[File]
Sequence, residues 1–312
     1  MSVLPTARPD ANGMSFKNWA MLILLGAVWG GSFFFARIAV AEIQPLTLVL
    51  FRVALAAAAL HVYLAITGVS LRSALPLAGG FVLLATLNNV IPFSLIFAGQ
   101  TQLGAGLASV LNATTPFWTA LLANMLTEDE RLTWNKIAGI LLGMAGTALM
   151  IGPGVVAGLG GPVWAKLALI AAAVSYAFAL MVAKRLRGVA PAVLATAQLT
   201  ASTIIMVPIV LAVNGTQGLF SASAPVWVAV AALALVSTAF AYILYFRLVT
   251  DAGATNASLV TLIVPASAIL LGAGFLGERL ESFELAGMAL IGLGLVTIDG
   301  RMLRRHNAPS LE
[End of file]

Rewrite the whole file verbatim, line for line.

Sequence, residues 1–312
     1  MSVLPTARPD ANGMSFKNWA MLILLGAVWG GSFFFARIAV AEIQPLTLVL
    51  FRVALAAAAL HVYLAITGVS LRSALPLAGG FVLLATLNNV IPFSLIFAGQ
   101  TQLGAGLASV LNATTPFWTA LLANMLTEDE RLTWNKIAGI LLGMAGTALM
   151  IGPGVVAGLG GPVWAKLALI AAAVSYAFAL MVAKRLRGVA PAVLATAQLT
   201  ASTIIMVPIV LAVNGTQGLF SASAPVWVAV AALALVSTAF AYILYFRLVT
   251  DAGATNASLV TLIVPASAIL LGAGFLGERL ESFELAGMAL IGLGLVTIDG
   301  RMLRRHNAPS LE